For example in testinit.m I have the following
function [x, y, m] = testinit x=4 y=3 m=2
When I run testinit in the console it correctly displays the value. However when I type
x it says
error: 'x' undefined...
The other answers are all possible solutions, but potentially more complicated than what you may be looking for. I think the first part of yuk's answer addresses the real problem you are having, but I think it deserves a more detailed explanation...
If you have a function that has output arguments, you need to actually capture those arguments in variables when you call the function. For example, if you typed this in the Command Window:
Then you would have your three output values present for you to use. What you were probably doing was typing this:
This would display the values (because you didn't end each line in the function with a semicolon to suppress displaying them), but it would not store them in variables in the Command Window for you to use later.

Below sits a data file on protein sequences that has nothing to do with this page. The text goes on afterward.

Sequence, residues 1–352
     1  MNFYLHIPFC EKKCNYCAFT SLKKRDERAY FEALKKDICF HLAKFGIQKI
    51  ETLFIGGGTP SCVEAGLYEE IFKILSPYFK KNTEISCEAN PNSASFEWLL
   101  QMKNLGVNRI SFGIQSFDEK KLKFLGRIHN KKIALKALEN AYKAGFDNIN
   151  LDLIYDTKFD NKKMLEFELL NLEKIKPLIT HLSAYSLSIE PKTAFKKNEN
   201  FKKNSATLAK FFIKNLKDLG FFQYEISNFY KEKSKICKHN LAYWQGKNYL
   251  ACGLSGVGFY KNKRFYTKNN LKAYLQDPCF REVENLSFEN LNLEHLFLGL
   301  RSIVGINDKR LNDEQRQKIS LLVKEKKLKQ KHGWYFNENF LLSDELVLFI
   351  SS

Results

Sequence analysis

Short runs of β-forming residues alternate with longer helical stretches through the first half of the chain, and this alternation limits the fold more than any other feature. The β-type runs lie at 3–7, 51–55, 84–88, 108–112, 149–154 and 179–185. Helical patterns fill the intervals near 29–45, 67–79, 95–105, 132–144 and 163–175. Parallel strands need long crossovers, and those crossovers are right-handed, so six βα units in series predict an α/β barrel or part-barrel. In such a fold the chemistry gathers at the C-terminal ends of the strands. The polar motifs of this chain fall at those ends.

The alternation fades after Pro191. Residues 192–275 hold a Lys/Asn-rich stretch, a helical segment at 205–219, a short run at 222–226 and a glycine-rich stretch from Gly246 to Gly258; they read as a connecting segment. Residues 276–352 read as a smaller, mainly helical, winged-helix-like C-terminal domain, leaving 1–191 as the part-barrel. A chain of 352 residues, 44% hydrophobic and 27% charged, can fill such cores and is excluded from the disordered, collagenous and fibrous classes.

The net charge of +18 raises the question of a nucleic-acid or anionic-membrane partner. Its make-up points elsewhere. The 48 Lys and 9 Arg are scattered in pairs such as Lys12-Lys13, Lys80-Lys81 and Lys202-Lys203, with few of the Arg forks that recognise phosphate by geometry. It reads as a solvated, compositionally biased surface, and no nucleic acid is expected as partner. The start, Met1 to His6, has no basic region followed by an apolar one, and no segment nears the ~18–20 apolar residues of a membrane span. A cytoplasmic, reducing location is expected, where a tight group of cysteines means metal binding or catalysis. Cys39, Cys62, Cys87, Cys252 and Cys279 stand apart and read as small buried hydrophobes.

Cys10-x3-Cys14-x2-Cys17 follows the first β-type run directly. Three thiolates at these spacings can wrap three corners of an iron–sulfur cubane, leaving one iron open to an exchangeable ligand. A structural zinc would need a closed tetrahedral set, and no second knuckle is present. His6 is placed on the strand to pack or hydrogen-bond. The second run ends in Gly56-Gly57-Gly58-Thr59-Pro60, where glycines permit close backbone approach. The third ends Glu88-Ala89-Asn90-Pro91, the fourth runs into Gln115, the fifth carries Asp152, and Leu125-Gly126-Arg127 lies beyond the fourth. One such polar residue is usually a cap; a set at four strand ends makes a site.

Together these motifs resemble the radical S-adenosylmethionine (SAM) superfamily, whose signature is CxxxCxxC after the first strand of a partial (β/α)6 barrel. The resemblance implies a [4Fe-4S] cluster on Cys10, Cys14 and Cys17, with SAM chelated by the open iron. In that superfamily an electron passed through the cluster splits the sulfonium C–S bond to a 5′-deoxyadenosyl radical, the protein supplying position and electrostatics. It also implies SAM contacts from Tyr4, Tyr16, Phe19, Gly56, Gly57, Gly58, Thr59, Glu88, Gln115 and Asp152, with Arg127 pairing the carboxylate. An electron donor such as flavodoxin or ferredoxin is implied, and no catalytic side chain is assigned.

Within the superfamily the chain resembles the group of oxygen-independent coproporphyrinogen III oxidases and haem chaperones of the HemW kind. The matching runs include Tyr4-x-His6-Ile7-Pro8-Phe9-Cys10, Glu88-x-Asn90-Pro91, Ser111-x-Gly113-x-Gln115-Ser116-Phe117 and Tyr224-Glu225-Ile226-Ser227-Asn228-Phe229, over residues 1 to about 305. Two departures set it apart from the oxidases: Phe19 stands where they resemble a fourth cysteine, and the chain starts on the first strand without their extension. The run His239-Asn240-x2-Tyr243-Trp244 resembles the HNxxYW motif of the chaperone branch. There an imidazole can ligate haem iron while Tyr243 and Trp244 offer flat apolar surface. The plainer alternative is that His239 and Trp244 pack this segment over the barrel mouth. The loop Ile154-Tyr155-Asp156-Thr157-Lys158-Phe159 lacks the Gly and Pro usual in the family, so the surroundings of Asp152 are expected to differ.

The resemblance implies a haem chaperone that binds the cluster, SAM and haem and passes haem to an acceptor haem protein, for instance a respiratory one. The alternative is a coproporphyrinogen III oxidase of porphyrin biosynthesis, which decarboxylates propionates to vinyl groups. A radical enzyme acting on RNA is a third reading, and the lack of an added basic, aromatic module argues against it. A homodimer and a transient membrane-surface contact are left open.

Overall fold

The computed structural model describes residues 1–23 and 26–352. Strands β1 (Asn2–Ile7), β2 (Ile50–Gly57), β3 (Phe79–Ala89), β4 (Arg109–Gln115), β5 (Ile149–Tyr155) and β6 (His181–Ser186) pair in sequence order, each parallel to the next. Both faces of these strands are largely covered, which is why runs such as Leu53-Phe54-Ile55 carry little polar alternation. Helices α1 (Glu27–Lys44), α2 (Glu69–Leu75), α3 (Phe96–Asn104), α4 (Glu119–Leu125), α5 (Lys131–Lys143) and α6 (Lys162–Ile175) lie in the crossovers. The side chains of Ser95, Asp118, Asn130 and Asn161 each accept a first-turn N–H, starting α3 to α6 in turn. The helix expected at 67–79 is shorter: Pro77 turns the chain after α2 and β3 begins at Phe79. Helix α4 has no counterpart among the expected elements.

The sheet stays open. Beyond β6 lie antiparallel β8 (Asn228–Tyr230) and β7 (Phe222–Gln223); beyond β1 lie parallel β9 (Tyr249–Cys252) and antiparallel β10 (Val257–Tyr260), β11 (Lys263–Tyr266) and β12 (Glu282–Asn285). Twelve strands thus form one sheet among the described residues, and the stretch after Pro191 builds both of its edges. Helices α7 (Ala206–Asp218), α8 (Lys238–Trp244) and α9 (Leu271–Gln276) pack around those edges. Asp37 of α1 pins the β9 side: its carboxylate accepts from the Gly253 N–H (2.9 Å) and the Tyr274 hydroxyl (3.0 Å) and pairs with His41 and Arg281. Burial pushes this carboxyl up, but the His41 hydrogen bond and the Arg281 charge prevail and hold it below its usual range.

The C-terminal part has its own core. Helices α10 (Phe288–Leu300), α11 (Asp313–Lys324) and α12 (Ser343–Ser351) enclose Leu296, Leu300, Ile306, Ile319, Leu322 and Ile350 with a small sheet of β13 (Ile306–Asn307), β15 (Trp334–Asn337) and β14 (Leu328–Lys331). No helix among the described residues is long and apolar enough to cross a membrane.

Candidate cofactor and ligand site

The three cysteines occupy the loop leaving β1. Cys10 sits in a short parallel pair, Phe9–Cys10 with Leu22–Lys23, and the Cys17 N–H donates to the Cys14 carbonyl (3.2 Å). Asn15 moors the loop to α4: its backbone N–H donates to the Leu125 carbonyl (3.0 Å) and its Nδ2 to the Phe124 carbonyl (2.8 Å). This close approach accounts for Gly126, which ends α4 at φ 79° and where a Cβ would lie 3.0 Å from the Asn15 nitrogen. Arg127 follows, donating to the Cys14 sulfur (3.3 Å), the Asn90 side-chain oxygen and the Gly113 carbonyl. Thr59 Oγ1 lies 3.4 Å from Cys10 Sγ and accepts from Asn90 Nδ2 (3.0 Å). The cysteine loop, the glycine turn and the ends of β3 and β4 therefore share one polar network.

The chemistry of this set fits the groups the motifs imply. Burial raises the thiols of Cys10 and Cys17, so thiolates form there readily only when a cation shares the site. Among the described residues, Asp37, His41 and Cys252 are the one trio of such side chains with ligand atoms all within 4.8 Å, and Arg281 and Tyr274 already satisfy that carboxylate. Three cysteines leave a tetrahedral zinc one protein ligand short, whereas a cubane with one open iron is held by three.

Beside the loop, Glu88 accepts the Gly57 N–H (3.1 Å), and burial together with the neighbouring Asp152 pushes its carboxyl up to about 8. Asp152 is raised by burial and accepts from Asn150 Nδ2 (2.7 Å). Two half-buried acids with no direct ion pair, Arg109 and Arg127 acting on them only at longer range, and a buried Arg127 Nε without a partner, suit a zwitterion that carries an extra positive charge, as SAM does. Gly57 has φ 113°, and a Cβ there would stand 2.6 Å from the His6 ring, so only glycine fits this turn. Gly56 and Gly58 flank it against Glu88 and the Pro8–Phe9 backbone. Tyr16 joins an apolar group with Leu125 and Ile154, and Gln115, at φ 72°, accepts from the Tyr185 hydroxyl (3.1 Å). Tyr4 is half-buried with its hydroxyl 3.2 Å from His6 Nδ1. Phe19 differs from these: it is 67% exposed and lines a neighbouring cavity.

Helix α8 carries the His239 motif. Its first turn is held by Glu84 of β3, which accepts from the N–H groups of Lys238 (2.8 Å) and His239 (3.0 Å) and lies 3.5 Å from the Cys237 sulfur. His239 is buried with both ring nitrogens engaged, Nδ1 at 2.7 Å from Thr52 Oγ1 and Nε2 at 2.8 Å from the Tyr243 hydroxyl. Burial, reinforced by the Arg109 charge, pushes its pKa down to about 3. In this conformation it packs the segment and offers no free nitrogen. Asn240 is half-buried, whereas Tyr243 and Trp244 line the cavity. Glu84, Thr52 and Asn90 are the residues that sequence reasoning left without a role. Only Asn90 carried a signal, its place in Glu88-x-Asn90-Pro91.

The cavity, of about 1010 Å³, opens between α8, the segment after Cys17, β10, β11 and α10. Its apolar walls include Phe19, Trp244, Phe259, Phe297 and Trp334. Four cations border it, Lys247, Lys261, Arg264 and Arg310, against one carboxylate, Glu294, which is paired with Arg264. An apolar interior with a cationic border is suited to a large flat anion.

So, if you want to share variables between functions, the simplest way is to pass them back and forth via their input and output argument lists.
It should also be noted that the names you give variables in the output argument list of the function don't have to match the names of the variables you place those output values in. For example, given this function:
You can make this call in the Command Window:
And you will get
Just to add to the above answer, the reason you're getting this is because variables in a MatLab function are local variables, they are not passed to the workspace unless you use one of the functions in the above answer. You can read more about global and local variables here.
P.S If you wrote an m-file that is not a function, then the variables are global.
If you run
In addition you should put
If you want simply initialize new variables just by typing
However, this is dangerous, since some variable may already exist in the calling environment and will be overwritten. You can avoid it adding EXIST tests (inside EVALIN):
You can also use 'caller' instead of 'base' if you plan to call the function from another function.
The variables are local to the function so you cannot access them from the command line. As @BenVoigt said, you can use
I advise you do go in debug mode
After execute your function, and the command line will remain in the environment of the function.
To quit the debug mode type